Disciple, are you drifting along through day after day? Is the dirt of sin accumulating in the corners of the back rooms of your soul? Are you refusing the correction of the Spirit, ignoring His invitation to go deeper, or are you saying yes to the Spirit on a daily basis?  Maturity is not reached in a single leap. It is gained by the choices made one day at a time. Pay attention to the dirt in the corners. Deal with it through confession where we find forgiveness. Bring those habits to the Lord and, with the Spirit’s strength, wrestle them into submission. Choose to worship, to trust, to obey.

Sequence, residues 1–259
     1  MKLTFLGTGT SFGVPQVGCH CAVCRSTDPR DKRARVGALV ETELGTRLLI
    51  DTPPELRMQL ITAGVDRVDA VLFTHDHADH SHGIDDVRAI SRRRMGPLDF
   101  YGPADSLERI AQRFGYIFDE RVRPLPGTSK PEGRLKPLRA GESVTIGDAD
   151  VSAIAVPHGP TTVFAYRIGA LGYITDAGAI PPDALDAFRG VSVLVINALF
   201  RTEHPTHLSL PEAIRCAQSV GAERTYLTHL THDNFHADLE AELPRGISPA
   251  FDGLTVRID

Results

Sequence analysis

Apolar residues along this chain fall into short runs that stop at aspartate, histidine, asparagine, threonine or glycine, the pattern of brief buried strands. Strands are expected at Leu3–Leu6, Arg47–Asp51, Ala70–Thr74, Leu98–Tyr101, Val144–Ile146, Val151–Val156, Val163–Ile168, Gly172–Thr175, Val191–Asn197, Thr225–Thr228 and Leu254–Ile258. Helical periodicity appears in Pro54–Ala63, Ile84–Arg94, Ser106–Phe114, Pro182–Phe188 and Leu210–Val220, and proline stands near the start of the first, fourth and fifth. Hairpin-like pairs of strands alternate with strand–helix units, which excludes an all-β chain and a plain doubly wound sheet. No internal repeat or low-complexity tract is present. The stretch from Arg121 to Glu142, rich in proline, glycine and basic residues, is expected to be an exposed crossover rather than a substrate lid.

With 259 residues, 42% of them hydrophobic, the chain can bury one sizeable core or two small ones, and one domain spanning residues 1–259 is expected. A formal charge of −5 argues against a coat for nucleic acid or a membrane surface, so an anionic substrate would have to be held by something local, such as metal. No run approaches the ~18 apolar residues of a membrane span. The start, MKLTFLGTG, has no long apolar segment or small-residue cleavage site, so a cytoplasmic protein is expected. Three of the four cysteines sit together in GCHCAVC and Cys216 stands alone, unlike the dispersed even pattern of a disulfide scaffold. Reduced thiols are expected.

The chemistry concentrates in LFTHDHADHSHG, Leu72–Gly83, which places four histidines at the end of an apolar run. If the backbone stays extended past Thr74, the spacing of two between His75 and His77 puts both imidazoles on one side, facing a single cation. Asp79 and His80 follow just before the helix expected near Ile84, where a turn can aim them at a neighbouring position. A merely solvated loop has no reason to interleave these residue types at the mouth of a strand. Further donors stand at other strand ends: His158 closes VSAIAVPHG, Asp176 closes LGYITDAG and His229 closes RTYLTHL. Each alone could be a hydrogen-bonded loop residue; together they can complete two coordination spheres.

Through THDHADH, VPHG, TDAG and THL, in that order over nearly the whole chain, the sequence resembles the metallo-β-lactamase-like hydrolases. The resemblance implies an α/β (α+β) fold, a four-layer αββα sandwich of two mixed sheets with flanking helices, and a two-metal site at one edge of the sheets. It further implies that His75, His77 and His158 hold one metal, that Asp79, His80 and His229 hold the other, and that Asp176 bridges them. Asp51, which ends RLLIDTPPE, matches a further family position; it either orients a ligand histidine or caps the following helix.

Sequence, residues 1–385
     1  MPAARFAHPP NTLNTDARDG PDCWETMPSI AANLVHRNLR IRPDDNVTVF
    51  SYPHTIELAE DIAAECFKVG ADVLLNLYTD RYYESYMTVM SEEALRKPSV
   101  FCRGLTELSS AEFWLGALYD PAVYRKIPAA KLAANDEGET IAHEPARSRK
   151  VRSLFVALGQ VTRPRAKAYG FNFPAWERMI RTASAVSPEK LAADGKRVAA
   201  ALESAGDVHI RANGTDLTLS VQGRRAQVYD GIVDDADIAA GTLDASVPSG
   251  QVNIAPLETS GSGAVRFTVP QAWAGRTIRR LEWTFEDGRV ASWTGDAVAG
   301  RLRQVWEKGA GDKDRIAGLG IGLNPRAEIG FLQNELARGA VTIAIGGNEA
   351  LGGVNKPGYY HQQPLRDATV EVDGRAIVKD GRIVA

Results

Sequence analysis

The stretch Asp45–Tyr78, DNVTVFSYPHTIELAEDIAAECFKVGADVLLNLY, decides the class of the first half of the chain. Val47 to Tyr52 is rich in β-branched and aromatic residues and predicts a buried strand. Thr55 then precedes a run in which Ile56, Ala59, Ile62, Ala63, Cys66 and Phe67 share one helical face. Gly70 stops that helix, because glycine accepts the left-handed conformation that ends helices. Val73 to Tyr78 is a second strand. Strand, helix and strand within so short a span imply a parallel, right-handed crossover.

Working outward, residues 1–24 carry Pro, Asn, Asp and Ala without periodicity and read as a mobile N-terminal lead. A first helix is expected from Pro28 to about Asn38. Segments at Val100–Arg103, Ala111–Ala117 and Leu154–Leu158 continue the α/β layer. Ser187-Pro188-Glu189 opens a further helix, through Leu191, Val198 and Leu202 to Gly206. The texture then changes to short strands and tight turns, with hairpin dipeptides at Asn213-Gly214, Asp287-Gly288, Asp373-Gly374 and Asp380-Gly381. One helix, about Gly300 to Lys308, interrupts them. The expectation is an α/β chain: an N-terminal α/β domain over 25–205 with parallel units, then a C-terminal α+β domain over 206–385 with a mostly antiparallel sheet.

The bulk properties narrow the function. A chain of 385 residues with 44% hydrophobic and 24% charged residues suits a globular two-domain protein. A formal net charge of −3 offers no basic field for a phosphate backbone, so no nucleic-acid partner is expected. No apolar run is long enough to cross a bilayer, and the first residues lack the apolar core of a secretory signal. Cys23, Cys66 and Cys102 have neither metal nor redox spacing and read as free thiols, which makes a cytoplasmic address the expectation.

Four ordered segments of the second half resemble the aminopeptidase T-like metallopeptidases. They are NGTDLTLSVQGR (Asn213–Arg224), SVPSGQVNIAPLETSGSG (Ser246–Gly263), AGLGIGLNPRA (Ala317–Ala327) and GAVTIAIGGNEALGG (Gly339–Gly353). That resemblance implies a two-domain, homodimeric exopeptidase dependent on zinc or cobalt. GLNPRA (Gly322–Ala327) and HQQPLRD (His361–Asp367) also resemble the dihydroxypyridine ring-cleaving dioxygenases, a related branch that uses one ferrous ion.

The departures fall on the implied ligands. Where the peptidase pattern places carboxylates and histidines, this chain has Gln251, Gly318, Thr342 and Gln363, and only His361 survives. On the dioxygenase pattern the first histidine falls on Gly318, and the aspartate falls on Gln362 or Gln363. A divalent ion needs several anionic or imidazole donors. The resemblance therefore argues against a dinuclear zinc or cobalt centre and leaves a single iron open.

The word from the Word is a call to beauty. Let’s do it!
“His divine power has given us everything we need for life and godliness … (so that) you may participate in the divine nature and escape the corruption in the world caused by evil desires. For this very reason, make every effort to add to your faith goodness; and to goodness, knowledge; and to knowledge, self-control; and to self-control, perseverance; and to perseverance, godliness; and to godliness, brotherly kindness; and to brotherly kindness, love. For if you possess these qualities in increasing measure, they will keep you from being ineffective and unproductive in your knowledge of our Lord Jesus Christ. But if anyone does not have them, he is nearsighted and blind, and has forgotten that he has been cleansed from his past sins.
Therefore, my brothers, be all the more eager to make your calling and election sure. For if you do these things, you will never fall, and you will receive a rich welcome into the eternal kingdom of our Lord and Savior Jesus Christ.” (2 Peter 1:3-11, NIV)

“The truth that heals”